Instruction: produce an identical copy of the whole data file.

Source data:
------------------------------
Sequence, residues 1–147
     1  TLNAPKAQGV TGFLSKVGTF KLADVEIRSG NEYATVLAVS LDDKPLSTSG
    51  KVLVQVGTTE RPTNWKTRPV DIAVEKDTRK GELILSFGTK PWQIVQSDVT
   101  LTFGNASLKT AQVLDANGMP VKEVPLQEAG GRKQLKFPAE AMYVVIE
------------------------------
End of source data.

Sequence, residues 1–147
     1  TLNAPKAQGV TGFLSKVGTF KLADVEIRSG NEYATVLAVS LDDKPLSTSG
    51  KVLVQVGTTE RPTNWKTRPV DIAVEKDTRK GELILSFGTK PWQIVQSDVT
   101  LTFGNASLKT AQVLDANGMP VKEVPLQEAG GRKQLKFPAE AMYVVIE